The temperature–CO2 climate connection: an epistemological reappraisal of ice-core messages

From History of Geo-and Space Sciences

Hist. Geo Space. Sci., 12, 97–110, 2021
© Author(s) 2021.
This work is distributed under
the Creative Commons Attribution 4.0 License.

The temperature–CO2 climate connection: an epistemological reappraisal of ice-core messages

Pascal Richet
Institut de Physique du Globe de Paris, 1 Rue Jussieu, 75005 Paris, France

Correspondence: Pascal Richet Received: 24 Jan 2021 – Revised: 21 Mar 2021 – Accepted: 11 Apr 2021 – Published: 26 May 2021


As simply based on fundamental logic and on the concepts of cause and effect, an epistemological examination of the geochemical analyses performed on the Vostok ice cores invalidates the marked greenhouse effect on past climate usually assigned to CO2 and CH4. In agreement with the determining role assigned to Milankovitch cycles, temperature has, instead, constantly remained the long-term controlling parameter during the past 423 kyr, which, in turn, determined both CO2 and CH4 concentrations, whose variations exerted, at most, a minor feedback on temperature itself. If not refuted, the demonstration indicates that the greenhouse effect of CO2 on 20th century and today’s climate remains to be documented, as already concluded from other evidence. The epistemological weakness of current simulations originates from the fact that they do not rely on any independent evidence for the influence of greenhouse gases on climate over long enough periods of time. The validity of models will, in particular, not be demonstrated as long as at least the most important features of climate changes, namely the glacial–interglacial transitions and the differing durations of interglacial periods, remain unaccounted for. Similarly, the constant 7 kyr time lag between temperature and CO2 decreases following deglaciation is another important feature that needs to be understood. Considered in this light, the current climate debate should be considered as being the latest of the great controversies that have punctuated the march of the Earth sciences, although its markedly differs from the preceding ones by its most varied social, environmental, economical and political ramifications.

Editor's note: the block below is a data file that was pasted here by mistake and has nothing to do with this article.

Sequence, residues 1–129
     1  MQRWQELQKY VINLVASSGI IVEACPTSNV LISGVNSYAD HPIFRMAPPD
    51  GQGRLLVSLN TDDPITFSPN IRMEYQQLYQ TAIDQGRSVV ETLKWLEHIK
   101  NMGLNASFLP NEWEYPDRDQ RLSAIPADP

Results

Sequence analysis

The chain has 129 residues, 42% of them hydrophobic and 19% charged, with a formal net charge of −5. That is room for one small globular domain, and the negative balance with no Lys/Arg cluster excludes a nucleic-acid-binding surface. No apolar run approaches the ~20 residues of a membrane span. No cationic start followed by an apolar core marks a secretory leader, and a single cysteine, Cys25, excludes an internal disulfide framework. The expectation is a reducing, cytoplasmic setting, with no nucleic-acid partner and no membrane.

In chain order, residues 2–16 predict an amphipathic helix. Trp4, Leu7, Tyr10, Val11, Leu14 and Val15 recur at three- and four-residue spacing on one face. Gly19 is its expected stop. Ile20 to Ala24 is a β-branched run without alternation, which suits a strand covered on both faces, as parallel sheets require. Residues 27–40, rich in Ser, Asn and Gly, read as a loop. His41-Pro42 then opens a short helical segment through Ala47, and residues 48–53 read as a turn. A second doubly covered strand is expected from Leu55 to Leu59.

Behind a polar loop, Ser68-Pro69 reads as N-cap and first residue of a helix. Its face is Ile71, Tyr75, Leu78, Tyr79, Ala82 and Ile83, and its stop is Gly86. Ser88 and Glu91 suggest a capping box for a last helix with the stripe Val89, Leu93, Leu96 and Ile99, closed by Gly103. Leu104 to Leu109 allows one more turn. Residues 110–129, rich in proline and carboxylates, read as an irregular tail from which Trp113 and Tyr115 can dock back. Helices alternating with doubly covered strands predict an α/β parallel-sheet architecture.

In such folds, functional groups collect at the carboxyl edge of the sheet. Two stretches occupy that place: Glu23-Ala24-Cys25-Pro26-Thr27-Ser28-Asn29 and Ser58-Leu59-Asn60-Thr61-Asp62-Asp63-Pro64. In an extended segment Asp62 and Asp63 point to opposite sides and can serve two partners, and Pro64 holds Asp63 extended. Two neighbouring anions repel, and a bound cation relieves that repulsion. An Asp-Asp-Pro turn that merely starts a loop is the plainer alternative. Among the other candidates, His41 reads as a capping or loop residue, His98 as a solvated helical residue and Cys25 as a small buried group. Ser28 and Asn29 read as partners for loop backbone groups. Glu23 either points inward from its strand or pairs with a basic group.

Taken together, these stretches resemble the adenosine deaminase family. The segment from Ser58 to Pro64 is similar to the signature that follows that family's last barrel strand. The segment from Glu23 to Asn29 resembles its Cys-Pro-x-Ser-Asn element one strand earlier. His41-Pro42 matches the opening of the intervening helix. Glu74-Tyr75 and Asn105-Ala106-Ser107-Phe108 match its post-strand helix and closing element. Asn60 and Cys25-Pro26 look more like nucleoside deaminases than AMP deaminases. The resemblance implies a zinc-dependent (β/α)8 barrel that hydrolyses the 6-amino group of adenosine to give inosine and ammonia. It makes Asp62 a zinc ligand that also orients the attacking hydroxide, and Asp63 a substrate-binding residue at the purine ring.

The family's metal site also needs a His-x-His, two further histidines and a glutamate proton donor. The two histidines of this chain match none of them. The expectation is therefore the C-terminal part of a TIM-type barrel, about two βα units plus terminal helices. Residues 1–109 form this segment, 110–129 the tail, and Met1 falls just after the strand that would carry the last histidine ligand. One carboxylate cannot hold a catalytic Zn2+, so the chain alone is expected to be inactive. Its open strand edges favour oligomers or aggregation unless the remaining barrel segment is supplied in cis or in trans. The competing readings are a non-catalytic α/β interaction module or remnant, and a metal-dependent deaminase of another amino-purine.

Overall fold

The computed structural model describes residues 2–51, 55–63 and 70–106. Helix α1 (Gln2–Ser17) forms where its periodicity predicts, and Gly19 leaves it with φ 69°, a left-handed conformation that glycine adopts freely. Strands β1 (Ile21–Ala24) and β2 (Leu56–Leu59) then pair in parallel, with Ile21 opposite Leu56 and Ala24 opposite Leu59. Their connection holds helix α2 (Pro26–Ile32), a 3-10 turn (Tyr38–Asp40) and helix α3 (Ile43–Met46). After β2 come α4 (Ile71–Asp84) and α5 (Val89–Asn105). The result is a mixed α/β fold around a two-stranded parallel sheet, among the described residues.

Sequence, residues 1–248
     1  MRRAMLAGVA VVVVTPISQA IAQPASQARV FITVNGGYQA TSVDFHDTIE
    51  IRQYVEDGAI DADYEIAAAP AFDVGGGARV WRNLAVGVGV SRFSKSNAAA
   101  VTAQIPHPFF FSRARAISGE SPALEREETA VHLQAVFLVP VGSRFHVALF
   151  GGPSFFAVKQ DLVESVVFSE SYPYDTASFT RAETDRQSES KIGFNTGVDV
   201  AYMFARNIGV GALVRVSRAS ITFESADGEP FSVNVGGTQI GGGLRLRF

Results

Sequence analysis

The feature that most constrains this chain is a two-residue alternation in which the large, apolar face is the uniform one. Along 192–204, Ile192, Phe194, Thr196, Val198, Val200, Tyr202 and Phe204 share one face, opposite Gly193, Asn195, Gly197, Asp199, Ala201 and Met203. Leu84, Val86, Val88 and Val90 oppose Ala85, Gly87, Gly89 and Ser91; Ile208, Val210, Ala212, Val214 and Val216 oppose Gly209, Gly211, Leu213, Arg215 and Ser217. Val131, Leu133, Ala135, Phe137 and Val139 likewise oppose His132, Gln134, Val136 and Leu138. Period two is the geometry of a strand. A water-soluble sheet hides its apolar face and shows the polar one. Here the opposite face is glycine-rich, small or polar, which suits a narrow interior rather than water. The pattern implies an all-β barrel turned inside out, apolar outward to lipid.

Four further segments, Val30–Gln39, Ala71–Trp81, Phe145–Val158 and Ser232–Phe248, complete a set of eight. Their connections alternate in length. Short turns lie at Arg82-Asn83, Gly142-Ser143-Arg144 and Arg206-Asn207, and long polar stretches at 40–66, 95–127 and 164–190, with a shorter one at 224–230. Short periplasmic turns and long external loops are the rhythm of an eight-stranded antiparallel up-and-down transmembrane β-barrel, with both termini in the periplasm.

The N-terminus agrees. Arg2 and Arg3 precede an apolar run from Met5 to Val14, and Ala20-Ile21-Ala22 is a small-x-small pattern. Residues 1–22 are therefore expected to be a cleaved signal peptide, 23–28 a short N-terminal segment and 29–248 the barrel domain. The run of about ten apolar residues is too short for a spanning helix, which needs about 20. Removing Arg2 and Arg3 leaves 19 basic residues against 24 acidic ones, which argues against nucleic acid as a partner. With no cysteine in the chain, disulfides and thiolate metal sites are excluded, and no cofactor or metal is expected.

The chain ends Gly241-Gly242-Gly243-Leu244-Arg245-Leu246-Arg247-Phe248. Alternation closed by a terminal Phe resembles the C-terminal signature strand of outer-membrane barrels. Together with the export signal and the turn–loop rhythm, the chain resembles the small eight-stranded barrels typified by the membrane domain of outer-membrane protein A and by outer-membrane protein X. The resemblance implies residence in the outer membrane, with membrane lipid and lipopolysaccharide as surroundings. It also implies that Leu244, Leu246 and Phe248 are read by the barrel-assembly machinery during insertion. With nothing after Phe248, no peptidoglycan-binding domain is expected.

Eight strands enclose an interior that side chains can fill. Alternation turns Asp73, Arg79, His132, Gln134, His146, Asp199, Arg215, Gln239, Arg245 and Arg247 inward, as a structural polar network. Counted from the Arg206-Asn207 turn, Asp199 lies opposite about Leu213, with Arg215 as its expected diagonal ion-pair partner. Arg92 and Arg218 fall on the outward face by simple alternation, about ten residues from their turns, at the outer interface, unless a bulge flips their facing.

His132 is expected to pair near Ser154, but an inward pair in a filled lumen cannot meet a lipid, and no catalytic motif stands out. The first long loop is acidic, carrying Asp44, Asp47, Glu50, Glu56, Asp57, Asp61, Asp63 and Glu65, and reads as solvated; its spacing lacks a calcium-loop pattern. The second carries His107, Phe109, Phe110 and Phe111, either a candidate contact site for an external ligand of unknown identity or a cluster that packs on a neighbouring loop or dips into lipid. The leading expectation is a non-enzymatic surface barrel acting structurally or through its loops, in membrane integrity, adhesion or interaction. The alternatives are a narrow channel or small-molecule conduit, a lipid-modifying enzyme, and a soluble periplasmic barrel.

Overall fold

How to cite. Richet, P.: The temperature–CO2 climate connection: an epistemological reappraisal of ice-core messages, Hist. Geo Space. Sci., 12, 97–110,, 2021.

1 Introduction